February 24, 2003

Getting to Know Francis Fukuyama '74

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“I’m amazed at how little Cornell has changed,” said Dr. Francis Fukuyama ’74 in an interview with The Sun Friday afternoon.

Fukuyama, author of several books, most notably the award-winning works The End of History and the Last Man and Trust: The Social Virtues and the Creation of Prosperity, arrived on campus last Tuesday to deliver three Messenger Lectures.

The Messenger Lectures were established in 1924 by a gift from Hiram Messenger 1880. The lectures are intended to help raise the moral standards of political, business and social life at Cornell.

Besides giving the lectures, whose theme was “The State After Sept. 11,” Fukuyama was also in Ithaca for the inaugural symposium of the new Center for the Study of Economy and Society.

“I haven’t been here in 20 years,” Fukuyama said. “I remember hearing Messenger Lectures in the 1970s, so … this has been a great opportunity to visit.”

As an undergraduate, Fukuyama was a classics major and college scholar. “The course that stayed with me the longest was a seminar on Plato’s Republic,” he said.

Social Life

Fukuyama also lived in the independent cooperative, the Telluride House. “Social life revolves around it,” Fukuyama said. “It was extremely important to my intellectual development.”

Outside of the Telluride House and academics, Fukuyama “went to The Palms and had a few drinks there on the weekend,” he said.

Fukuyama then discussed his experience entering Cornell following the tumultuous years of The Straight takeover by African American students in 1969.

“This was a low point in the history of the modern academy,” he said. “Administration and professors who should have been protecting academic freedom weren’t.”

In discussing the war in Iraq, Fukuyama said that the “rights and wrongs of the war are more complex than people give it credit for.”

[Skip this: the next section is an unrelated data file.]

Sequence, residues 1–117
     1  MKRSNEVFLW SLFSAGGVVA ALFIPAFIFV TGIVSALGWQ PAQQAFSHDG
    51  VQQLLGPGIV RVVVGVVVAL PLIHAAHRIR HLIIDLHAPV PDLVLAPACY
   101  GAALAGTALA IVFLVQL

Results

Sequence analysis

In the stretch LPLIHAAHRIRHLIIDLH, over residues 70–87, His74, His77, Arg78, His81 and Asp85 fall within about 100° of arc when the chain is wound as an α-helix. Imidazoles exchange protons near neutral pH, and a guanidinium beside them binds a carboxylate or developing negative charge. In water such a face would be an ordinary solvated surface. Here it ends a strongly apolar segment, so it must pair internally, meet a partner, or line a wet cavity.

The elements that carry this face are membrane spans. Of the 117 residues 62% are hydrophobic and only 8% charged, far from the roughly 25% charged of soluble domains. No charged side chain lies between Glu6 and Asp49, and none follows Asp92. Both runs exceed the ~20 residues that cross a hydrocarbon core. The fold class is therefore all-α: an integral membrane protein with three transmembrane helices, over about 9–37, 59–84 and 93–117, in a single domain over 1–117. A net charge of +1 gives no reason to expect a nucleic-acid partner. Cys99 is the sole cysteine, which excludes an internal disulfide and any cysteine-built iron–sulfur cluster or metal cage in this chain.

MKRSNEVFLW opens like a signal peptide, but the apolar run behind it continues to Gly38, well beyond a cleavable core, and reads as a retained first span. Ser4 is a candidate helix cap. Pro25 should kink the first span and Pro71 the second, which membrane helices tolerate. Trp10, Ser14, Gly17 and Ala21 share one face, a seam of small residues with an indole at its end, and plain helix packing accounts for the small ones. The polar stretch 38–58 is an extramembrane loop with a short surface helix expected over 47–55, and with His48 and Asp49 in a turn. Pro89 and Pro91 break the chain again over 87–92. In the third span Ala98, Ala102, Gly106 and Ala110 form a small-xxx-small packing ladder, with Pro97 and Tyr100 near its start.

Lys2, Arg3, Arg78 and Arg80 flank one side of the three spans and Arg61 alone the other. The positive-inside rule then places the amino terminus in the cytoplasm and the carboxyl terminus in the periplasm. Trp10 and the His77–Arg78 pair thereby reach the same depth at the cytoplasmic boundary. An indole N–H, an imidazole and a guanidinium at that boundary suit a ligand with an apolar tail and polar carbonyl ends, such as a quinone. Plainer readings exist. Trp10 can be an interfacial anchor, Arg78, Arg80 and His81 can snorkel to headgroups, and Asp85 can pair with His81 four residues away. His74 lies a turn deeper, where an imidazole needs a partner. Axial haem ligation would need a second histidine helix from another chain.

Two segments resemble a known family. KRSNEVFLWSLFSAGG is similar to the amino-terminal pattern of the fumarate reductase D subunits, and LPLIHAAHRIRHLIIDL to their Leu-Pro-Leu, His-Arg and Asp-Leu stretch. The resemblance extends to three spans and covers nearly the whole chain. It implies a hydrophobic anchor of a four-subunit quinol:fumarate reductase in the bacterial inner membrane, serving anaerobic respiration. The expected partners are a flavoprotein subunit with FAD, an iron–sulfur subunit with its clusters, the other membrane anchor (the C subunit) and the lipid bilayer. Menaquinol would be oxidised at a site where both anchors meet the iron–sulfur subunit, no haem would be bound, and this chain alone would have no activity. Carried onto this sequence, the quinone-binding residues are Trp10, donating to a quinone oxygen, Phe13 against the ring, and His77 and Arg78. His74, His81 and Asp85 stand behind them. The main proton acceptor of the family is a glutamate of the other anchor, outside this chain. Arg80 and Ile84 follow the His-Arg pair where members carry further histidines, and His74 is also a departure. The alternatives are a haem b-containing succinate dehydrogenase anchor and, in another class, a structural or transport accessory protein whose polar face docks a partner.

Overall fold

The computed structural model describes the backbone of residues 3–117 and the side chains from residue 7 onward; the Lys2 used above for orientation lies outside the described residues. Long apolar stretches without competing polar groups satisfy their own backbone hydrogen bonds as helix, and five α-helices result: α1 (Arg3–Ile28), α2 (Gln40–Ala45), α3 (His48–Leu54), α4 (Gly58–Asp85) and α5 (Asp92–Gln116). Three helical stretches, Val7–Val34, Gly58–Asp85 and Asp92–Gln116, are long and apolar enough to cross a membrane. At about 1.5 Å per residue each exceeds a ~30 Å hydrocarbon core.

“This is not just a war about oil,” he said. “The problem with Iraq is a security problem. And now, it’s too late. If we back down, it will create more problems than it could solve.”

“The top order now should be figuring out what to do after the war,” Fukuyama said.

In response to recent limitations of American civil liberties, like the USA PATRIOT Act, Fukuyama said that “Americans have probably scared themselves too much in the aftermath of Sept. 11 … This is possibly an overreaction, although it’s not possible to know how big the threat is right now.”

Fukuyama divided American political discourse after Sept. 11 into two major forces. The first argues that the United States is overreacting to the current situation and this in turn is “polarizing the world.” The other force strongly believes in the possibility of a terrorist attack on home soil. “People should be less certain about which of these worlds will materialize,” Fukuyama said.

Future plans for Fukuyama involve turning his lectures into a book with views of the current state.

“[The state] needs to get stronger,” Fukuyama said. “It’s hard not to get involved in political debates though living in Washington.”

And although this visit to Cornell was Fukuyama’s first in close to twenty years, with three growing children, he may be spending a lot more time in Ithaca in the future.

“I bought them all Cornell sweatshirts,” he said. “Just to give them the idea.”

Archived article by Marc Zawel